Voted Off the Island

My journey into spinning has been a lot like how I learned to knit. I started off with a bit of help and then I am largely learning by taking chances, pushing myself, trial and error, and a fair bit of dumb luck. For the most part, I let my instincts guide me and when I am really stumped I ask for advice from my contacts who are more experienced than I. I am so lucky in that they are always happy to help. Sometimes, however, I discovered that I am doing something in a… unique way.

One such discovery came about when I started to write about the spinning and finishing of the custom spin I’ve been working on. If you’ll remember, I divided up the fiber and organized them into a a ton of little fauxlags.

20131102-094314.jpgThis is just a few bits of the 4oz braid. Now I knew that most people spin these in a woolen fashion.

spinning process2Yeah. I don’t.

I have been spinning my fauxlags up using my short forward draw. The short forward draw comes naturally to me so I haven’t really worked on perfecting any aspect of my long draw yet. Truth be told, the long draw kind of terrifies me. I will work on it someday, but for now I’m the one spinning fauxlags with a short forward draw. Now granted my googling skills aren’t all that great, but I wasn’t able to find reference to anyone else out there spinning fauxlags with a short forward draw. So, there’s a fairly good chance this is some huge spinning faux pas that I was unaware of and I may get voted off the island for doing it. Honestly though, I really like how the fauxlags blend colors. I haven’t had any issues working with the fauxlags in this manner — I just follow the wool across and around the fauxlag and I get a really lovely worsted yarn. Which I love to Navajo-ply into a beautiful, round 3-ply yarn.

magnolia gloryWhat do you think?

magnolia side detailI’m voting for ‘not too bad.’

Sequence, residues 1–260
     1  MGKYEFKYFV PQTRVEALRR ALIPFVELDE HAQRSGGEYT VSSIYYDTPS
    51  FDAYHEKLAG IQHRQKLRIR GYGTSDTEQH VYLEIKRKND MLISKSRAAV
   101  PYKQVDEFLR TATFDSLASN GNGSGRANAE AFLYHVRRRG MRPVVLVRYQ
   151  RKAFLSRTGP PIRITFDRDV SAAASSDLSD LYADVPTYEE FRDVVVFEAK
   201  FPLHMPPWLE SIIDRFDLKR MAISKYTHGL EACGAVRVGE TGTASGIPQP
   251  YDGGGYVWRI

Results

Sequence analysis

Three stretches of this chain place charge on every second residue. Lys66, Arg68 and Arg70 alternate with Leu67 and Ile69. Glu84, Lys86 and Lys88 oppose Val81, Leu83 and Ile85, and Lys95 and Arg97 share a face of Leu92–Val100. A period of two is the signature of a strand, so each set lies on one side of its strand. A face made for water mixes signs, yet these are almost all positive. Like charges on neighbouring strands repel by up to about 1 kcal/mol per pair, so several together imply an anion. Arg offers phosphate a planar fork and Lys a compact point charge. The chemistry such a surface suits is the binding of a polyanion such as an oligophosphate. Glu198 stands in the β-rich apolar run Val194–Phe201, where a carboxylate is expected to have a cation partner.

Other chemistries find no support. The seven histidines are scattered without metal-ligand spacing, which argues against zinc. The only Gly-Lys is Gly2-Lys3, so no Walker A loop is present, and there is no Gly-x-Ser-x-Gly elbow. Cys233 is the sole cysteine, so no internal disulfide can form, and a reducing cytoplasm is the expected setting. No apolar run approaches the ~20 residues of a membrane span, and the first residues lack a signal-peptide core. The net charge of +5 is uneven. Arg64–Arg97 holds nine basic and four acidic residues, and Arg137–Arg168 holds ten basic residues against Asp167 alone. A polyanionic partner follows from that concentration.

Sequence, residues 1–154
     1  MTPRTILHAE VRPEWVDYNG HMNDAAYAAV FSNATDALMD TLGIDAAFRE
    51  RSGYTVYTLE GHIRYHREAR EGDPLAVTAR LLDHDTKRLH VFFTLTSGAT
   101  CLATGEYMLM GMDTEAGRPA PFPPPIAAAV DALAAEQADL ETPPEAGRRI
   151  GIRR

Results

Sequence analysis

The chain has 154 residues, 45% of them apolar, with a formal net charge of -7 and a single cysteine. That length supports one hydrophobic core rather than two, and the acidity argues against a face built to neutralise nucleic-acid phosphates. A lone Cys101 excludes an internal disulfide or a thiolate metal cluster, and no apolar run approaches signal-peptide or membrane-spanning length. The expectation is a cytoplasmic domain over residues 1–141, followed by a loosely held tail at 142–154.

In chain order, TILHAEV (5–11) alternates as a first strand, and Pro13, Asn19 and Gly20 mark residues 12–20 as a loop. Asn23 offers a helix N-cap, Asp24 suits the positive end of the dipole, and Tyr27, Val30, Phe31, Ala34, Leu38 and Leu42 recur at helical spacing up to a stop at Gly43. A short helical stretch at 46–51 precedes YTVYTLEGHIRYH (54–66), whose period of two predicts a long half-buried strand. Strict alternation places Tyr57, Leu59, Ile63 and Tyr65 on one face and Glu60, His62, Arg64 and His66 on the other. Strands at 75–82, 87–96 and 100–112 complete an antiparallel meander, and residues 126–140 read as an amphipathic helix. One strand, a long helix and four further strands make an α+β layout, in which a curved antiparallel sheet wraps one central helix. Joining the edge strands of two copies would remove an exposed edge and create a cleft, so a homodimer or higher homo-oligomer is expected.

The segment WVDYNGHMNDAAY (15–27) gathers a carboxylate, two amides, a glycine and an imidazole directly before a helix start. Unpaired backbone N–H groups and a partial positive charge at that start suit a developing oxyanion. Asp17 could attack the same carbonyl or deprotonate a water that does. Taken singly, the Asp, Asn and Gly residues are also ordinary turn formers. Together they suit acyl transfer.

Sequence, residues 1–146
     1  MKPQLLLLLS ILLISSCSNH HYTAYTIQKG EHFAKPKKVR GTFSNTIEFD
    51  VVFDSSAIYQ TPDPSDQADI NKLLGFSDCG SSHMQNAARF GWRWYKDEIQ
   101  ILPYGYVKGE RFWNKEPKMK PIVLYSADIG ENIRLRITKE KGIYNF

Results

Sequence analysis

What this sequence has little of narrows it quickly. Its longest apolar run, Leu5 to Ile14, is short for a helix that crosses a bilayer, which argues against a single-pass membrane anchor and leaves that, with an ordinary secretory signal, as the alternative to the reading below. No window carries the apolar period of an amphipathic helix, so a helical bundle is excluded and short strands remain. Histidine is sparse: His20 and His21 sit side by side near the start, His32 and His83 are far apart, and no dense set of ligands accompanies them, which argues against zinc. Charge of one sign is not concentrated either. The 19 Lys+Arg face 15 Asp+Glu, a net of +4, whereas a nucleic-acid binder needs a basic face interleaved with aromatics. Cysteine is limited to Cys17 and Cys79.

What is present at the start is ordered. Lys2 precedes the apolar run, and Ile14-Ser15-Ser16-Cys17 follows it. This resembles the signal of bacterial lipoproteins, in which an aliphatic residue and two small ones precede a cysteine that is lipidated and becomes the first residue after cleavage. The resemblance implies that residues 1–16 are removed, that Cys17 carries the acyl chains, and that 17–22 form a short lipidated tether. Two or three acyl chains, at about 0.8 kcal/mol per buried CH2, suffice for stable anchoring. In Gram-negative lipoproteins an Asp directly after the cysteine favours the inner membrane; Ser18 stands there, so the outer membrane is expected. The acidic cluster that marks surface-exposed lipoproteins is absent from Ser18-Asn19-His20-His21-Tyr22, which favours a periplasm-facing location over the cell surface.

magnolia close upEven if I get voted off the island.

magnolia finishedThe result is about 430yards of a 3-ply light fingering weight yarn. Remember, this is a blend of 75% Organic Polwarth & 25% Silk from Cloudlover Yarn & Fiber. It is a soft, drapey mauve & green with accents of gold. I just think the yarn turned out pretty lovely. In fact, I think this skein might just be worth getting voted off the island. The real judgement, though, will come next week when it is hand delivered to its new owner. I have a sneaking suspicion she won’t mind if I’m doing it wrong either.

20 responses to “Voted Off the Island

  1. I LOVE this! I’ve been spinning for only a few weeks, so all the “rules” are new to me. If this skein in “wrong,” I’ll leave the island without a vote! :))

  2. Are you getting yarn you like? Then you are doing it correctly.

    Also-I went recently to 2 days of classes with Jacey Boggs. The first one was drafting techniques. I learned I do a “point of contact long draw” and I learned this intuitively, I’ve been doing it for years now. I think our spinning changes over time. Don’t be afraid of long draw, but don’t think it needs to look like this dramatic backward pull either.

    • 🙂 You are my hero.

      I just got my first issue of PLY yesterday, so the fact that you had class with Jacey Boggs is amazing to me! I discovered that I naturally spin across the top. I didn’t even know it was a thing! I have some video resources that I really need to start tapping until I can get my butt in some classes. Maybe 2014 will be the year I tackle the long draw…

      • This is one of those times when I wish we lived closer to each other. I think all I’d have to do was show you what we learned, and you’d be doing it in no time. If you ever get a chance….taking her class was well worth it.

      • Wouldn’t *that* be nice?! I will keep my eyes peeled for any local to me events. In the mean time, I just ordered a subscription the PLY. They had some very good step-by-step techniques in it this time, so hopefully I’ll pick up some new tricks. Maybe she’ll write about the long draw!

  3. Lovely to see the fauxlags all grown up as yarn 😀 Very pretty. My default draw is a sort of ‘double draw’. I don’t even know if that’s the correct description or not but I like doing it so what the hey!

      • Is that what a combination draw is then? I learn something new every day 🙂 Maybe it’s because I card a lot of my fibers, so I guess that would make them a little disorganized even when I card it straight so therefore needing that little bit extra drafting to sort it out!

      • As I understand it, a combination short draw is when you use a combination of drawing fibers out with your forward hand and drawing backwards with you ‘back’ hand. I literally looked it up for this project though, so I could be wrong.

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